Her African American Mom Is An Iconic Actress & Civil Rights Activist
Her Mother’s career spanned over 6 decades and her mom’s an entertainer of many talents. Throughout her career, she was known as an avid civil rights activist, who has stirred up controversy over the years for being so outspoken about racial, social and gender injustices.
ILOSM fam’ this is a tough one that will probably surprise you.
It’s Eartha Kitt!
Yep, you’re seeing this correctly, this woman’s mother is the one and only Eartha Kitt a.k.a. the baddest ‘Catwoman’ to have ever graced the acting world!
Told you this one was going to be a tough guess because Eartha and her daughter, 53 year old Kitt (McDonald) Shapiro (that’s right, her daughter’s first name is Eartha’s last name…that’s cool isn’t it?), couldn’t be more opposite when it comes to physical appearance: Eartha was petite and African American; Her daughter, Kitt, is obviously half African American as well, but her skin complexion, hair texture, and height takes after her father, John William McDonald, who is White (German/Irish). Her father was an associate of a real estate investment company and he and Eartha were married from 1960 to 1965.
One thing is for absolute certain though, Kitt and Eartha were beyond close, they were practically joined at the hip for all of Kitt’s life and she always expresses the deep, unconditional love she and her mother shared. Here is what Kitt told ‘MyFoxLA’ about she and her Mother’s relationship:
“In public, people would try to figure out who and what we were to each other.”
“In private, I faced the typical challenges of being a daughter, along with the complications of race and celebrity that came with having Eartha Kitt for my mother.”
“By the time I was born, my mother was famous. Yet even with all she had experienced, despite everything that had happened to her, I was the first person she really felt connected to. She didn’t even have to think about my name. It was going to be ‘Kitt’ whether I was a boy or a girl.”
“She’d introduce us by saying “I’m Eartha, she’s Kitt.” She felt I completed her. And when I was very young, I would tell her I’d chosen her out of all the other mommies to be mine.”
“I traveled the world with my mother, going wherever her work took us, while my father stayed home. My parents got divorced when I was five. It was unspoken, but I think he knew it was hard for me to see him without my feeling like I was betraying my mother.”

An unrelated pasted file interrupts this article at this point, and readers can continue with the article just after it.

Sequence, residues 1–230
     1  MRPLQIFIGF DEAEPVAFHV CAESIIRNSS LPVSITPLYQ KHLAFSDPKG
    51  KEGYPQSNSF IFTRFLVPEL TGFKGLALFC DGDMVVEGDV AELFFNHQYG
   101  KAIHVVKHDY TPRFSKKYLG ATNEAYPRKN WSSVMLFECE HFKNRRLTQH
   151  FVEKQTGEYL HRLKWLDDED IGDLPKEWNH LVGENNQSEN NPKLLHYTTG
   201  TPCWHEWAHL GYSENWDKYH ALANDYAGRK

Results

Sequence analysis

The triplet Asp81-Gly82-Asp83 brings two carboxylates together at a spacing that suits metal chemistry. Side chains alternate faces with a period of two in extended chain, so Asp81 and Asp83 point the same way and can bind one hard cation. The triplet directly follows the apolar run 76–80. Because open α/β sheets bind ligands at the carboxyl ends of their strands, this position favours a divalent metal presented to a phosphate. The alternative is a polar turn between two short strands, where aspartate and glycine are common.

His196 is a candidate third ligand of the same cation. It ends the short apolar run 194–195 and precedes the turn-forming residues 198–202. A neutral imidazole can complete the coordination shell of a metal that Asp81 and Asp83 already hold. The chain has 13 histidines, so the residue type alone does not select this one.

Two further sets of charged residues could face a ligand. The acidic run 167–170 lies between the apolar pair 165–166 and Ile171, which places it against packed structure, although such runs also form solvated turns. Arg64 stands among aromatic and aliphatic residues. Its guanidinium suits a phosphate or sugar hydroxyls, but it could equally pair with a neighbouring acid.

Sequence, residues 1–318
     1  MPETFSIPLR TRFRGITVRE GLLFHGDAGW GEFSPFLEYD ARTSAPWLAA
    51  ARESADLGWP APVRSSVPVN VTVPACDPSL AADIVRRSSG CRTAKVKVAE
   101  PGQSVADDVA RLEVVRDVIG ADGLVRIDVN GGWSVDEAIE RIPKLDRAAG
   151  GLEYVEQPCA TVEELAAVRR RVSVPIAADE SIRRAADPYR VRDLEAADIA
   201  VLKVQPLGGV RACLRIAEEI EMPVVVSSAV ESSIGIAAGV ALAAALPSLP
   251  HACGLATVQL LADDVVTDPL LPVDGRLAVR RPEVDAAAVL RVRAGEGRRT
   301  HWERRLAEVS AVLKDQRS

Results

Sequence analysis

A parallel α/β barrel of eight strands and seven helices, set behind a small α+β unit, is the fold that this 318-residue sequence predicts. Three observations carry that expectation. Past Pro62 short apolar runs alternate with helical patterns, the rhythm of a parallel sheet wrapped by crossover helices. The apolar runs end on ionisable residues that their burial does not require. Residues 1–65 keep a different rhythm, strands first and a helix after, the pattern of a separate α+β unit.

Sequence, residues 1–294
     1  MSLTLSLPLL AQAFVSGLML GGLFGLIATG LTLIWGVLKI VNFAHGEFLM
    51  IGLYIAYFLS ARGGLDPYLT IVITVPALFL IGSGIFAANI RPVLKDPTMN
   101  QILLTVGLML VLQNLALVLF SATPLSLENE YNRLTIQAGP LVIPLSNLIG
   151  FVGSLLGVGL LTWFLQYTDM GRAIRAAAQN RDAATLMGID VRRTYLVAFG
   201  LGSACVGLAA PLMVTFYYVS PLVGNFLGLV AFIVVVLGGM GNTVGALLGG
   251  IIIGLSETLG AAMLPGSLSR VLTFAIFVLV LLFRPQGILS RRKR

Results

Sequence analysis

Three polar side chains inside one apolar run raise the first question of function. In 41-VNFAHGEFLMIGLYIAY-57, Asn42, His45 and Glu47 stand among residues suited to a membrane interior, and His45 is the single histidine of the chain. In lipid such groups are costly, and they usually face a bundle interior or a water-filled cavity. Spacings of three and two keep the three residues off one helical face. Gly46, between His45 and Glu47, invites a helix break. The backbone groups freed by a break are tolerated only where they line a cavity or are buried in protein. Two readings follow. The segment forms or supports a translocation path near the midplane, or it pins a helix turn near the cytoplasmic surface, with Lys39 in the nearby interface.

“My mother was determined not to raise a spoiled brat,” insisting on “good manners, good citizenship” – and good intentions. One day “I’d be at a five star hotel in Hong Kong” and the next “at my mother’s foundation in Watts where she worked with ‘at-risk’ kids.”
“As I got older our roles reversed. I felt I had to protect her, especially after the fallout over her outspokenness against the war in Vietnam.”
Throughout, as the single fixed point in the kaleidoscope of Eartha’s long life and career, Shapiro “was everything and everyone to her.”
“The greatest gift my mother gave me was knowing she always loved me. All the more remarkable since love was something she never had as a child.”
“The two sides of my upbringing, thestardust and the down to earth, reflected the two sides of my mother: the diva, and the real-life ‘Beverly Hillbilly’ who kept a chicken coop and vegetable garden behind our fancy house.”
Kitt also said this about the day she was at her mother’s side when she died:
“I was with her when she died. She left this world literally screaming at the top of her lungs. I was with her constantly, she lived not even 3 miles from my house, we were together practically everyday. She was home for the last few weeks when the doctor told us there was nothing they could do anymore.
Up until the last two days, she was still moving around. The doctor told us she will leave very quickly and her body will just start to shutdown. But when she left, she left the world with a bang, she left it how she lived it. She screamed her way out of here, literally. I truly believe her survival instincts were so part of her DNA that she was not going to go quietly or willingly. It was just the two of us hanging out [during the last days] she was very funny. We didn’t have to [talk] because I always knew how she felt about me. I was the love of her life, so the last part of her life we didn’t have to have these heart to heart talks.
She started to see people that weren’t there. She thought I could see them too, but, of course, I couldn’t. I would make fun of her like, ‘I’m going to go in the other room and you stay here and talk to your friends.'”
My mother…died on Christmas Day, 2008. Sad as I was, I felt blessed. There was nothing left unsaid or undone. There were no regrets.
That is a beautiful bond that Eartha and her daughter, Kitt, shared. It sounds like Eartha died the in best way possible: fearless and with the purest form of love sitting right by her side, helping her peacefully make her final grand exit. It reminds me of a quote I heard once:
“Everyone’s life ends the same way. It is only the details of how they lived and how they died that distinguish one person from another.”
-ILoveOldSchoolMusic, Old School news with a new point of view